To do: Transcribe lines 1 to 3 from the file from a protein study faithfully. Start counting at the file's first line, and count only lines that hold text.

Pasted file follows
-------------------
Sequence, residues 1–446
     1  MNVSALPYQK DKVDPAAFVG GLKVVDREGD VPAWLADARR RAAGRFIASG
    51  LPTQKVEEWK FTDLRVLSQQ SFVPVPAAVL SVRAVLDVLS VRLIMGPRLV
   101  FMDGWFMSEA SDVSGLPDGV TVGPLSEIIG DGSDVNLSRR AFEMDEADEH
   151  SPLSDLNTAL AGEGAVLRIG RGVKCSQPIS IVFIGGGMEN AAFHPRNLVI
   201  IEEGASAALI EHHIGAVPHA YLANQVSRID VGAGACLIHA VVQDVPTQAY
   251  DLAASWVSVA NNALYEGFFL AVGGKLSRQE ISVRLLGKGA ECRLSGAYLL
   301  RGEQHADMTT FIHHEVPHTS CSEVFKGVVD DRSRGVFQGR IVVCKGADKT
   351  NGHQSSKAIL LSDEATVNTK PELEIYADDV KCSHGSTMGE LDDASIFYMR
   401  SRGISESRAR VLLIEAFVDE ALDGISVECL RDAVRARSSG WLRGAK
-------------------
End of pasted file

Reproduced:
Sequence, residues 1–446
     1  MNVSALPYQK DKVDPAAFVG GLKVVDREGD VPAWLADARR RAAGRFIASG
    51  LPTQKVEEWK FTDLRVLSQQ SFVPVPAAVL SVRAVLDVLS VRLIMGPRLV